American Institute of Mathematical Sciences

Journals

MBE
Mathematical Biosciences & Engineering 2006, 3(1): 89-100 doi: 10.3934/mbe.2006.3.89
We formulate differential susceptibility and differential infectivity models for disease transmission in this paper. The susceptibles are divided into n groups based on their susceptibilities, and the infectives are divided into m groups according to their infectivities. Both the standard incidence and the bilinear incidence are considered for different diseases. We obtain explicit formulas for the reproductive number. We define the reproductive number for each subgroup. Then the reproductive number for the entire population is a weighted average of those reproductive numbers for the subgroups. The formulas for the reproductive number are derived from the local stability of the infection-free equilibrium. We show that the infection-free equilibrium is globally stable as the reproductive number is less than one for the models with the bilinear incidence or with the standard incidence but no disease-induced death. We then show that if the reproductive number is greater than one, there exists a unique endemic equilibrium for these models. For the general cases of the models with the standard incidence and death, conditions are derived to ensure the uniqueness of the endemic equilibrium. We also provide numerical examples to demonstrate that the unique endemic equilibrium is asymptotically stable if it exists.
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MBE
Mathematical Biosciences & Engineering 2017, 14(5&6): 1317-1335 doi: 10.3934/mbe.2017068

To study the impact of media coverage on spread and control of infectious diseases, we use a susceptible-exposed-infective (SEI) model, including individuals' behavior changes in their contacts due to the influences of media coverage, and fully investigate the model dynamics. We define the basic reproductive number $\Re_0$ for the model, and show that the modeled disease dies out regardless of initial infections when $\Re_0 < 1$, and becomes uniformly persistently endemic if $\Re_0>1$. When the disease is endemic and the influence of the media coverage is less than or equal to a critical number, there exists a unique endemic equilibrium which is asymptotical stable provided $\Re_0$ is greater than and near one. However, if $\Re_0$ is larger than a critical number, the model can undergo Hopf bifurcation such that multiple endemic equilibria are bifurcated from the unique endemic equilibrium as the influence of the media coverage is increased to a threshold value. Using numerical simulations we obtain results on the effects of media coverage on the endemic that the media coverage may decrease the peak value of the infectives or the average number of the infectives in different cases. We show, however, that given larger $\Re_0$, the influence of the media coverage may as well result in increasing the average number of the infectives, which brings challenges to the control and prevention of infectious diseases.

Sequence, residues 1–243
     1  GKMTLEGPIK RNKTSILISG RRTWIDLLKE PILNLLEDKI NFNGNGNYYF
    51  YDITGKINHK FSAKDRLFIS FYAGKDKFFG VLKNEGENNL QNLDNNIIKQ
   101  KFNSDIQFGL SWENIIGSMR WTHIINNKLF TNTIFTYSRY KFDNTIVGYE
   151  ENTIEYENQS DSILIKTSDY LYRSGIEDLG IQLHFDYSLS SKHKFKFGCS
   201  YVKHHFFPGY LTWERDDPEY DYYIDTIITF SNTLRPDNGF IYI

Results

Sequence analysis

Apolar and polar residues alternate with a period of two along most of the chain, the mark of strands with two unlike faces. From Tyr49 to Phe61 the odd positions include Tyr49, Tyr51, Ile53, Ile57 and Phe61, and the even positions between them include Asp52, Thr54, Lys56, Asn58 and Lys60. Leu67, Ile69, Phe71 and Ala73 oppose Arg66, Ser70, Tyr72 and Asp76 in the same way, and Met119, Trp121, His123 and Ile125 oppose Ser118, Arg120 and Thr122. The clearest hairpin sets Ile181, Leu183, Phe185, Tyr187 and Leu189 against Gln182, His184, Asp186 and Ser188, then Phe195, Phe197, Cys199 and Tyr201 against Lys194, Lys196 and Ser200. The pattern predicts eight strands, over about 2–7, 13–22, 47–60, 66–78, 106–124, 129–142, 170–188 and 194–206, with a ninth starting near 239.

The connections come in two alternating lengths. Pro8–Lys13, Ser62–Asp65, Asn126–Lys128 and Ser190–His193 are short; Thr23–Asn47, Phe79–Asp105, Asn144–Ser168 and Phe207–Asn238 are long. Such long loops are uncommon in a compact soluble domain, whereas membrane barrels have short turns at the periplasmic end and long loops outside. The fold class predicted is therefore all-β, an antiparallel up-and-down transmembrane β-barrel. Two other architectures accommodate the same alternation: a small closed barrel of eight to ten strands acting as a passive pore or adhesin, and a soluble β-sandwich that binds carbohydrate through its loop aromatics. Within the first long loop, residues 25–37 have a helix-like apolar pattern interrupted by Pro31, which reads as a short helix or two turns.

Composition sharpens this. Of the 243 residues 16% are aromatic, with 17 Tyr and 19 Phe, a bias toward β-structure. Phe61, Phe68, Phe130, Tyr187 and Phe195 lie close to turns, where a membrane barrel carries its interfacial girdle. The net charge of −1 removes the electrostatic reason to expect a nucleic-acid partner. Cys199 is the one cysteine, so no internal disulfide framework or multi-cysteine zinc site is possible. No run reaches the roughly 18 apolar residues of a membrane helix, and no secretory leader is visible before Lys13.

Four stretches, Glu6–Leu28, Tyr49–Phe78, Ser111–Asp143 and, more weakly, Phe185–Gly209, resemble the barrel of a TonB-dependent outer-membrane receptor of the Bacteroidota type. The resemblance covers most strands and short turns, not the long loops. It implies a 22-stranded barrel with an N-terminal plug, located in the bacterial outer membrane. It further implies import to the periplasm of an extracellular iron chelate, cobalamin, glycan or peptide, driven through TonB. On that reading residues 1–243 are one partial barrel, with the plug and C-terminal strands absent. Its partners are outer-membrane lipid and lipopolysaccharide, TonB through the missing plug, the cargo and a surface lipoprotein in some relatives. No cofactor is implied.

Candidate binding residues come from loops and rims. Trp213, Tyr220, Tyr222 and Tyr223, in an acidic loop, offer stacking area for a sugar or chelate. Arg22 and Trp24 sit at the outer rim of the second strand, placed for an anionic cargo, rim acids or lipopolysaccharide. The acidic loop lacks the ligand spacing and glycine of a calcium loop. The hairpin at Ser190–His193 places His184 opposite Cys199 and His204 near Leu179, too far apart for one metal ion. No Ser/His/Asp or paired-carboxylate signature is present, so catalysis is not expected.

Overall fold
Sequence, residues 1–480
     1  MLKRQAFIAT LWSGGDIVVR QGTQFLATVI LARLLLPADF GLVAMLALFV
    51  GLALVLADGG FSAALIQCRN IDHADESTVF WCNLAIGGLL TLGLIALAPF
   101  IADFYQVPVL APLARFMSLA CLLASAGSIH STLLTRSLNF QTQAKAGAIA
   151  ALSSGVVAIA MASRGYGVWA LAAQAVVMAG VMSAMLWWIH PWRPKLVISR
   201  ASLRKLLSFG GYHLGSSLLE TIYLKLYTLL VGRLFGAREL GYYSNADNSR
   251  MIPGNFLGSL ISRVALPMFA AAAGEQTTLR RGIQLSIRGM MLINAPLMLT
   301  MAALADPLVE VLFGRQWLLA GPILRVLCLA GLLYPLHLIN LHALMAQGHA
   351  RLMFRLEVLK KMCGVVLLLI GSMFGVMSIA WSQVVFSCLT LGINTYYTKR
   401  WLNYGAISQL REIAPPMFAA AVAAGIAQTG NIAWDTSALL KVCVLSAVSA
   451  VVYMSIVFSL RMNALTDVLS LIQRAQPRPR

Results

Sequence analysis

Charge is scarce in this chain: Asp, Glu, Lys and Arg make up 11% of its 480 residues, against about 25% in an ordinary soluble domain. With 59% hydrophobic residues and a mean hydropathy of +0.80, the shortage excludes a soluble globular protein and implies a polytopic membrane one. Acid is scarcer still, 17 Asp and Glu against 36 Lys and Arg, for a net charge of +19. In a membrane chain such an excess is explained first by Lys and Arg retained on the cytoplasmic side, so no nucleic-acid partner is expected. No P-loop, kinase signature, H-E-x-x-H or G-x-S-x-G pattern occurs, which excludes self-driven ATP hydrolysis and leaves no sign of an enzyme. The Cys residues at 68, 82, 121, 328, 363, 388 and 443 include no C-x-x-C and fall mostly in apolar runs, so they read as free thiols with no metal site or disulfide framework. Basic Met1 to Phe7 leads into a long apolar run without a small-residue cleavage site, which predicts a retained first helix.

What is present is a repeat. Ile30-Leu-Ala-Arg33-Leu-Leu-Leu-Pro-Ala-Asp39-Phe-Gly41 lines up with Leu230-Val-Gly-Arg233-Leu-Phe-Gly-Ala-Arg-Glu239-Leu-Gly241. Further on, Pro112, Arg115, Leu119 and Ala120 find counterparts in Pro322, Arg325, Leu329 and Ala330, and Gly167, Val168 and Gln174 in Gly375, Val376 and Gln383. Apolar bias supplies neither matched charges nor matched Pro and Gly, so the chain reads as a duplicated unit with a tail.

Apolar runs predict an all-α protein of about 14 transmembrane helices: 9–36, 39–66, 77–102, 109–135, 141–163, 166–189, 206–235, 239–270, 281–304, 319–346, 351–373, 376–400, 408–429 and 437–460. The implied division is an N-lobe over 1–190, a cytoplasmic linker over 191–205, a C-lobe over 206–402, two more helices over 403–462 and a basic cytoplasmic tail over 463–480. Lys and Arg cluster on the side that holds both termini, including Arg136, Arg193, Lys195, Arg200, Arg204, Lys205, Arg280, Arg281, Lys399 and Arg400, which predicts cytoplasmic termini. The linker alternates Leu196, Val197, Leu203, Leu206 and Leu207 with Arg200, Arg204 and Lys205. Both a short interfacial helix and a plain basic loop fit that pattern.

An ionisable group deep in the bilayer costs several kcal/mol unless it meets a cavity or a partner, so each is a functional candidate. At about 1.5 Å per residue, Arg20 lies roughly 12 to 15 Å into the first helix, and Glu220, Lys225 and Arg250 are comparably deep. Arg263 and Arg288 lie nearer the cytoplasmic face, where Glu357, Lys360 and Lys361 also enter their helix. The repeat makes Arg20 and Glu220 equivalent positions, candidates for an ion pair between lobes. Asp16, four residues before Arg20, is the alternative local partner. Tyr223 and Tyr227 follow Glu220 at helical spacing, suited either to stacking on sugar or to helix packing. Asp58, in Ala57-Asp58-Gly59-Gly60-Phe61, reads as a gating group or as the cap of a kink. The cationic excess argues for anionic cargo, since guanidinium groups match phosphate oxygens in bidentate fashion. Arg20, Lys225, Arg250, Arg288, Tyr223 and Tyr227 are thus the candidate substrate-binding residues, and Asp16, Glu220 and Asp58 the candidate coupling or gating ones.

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MBE
Mathematical Biosciences & Engineering 2008, 5(4): 789-801 doi: 10.3934/mbe.2008.5.789
In this paper, we formulate a mathematical model for malaria transmission that includes incubation periods for both infected human hosts and mosquitoes. We assume humans gain partial immunity after infection and divide the infected human population into subgroups based on their infection history. We derive an explicit formula for the reproductive number of infection, $R_0$, to determine threshold conditions whether the disease spreads or dies out. We show that there exists an endemic equilibrium if $R_0>1$. Using an numerical example, we demonstrate that models having the same reproductive number but different numbers of progression stages can exhibit different transient transmission dynamics.
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MBE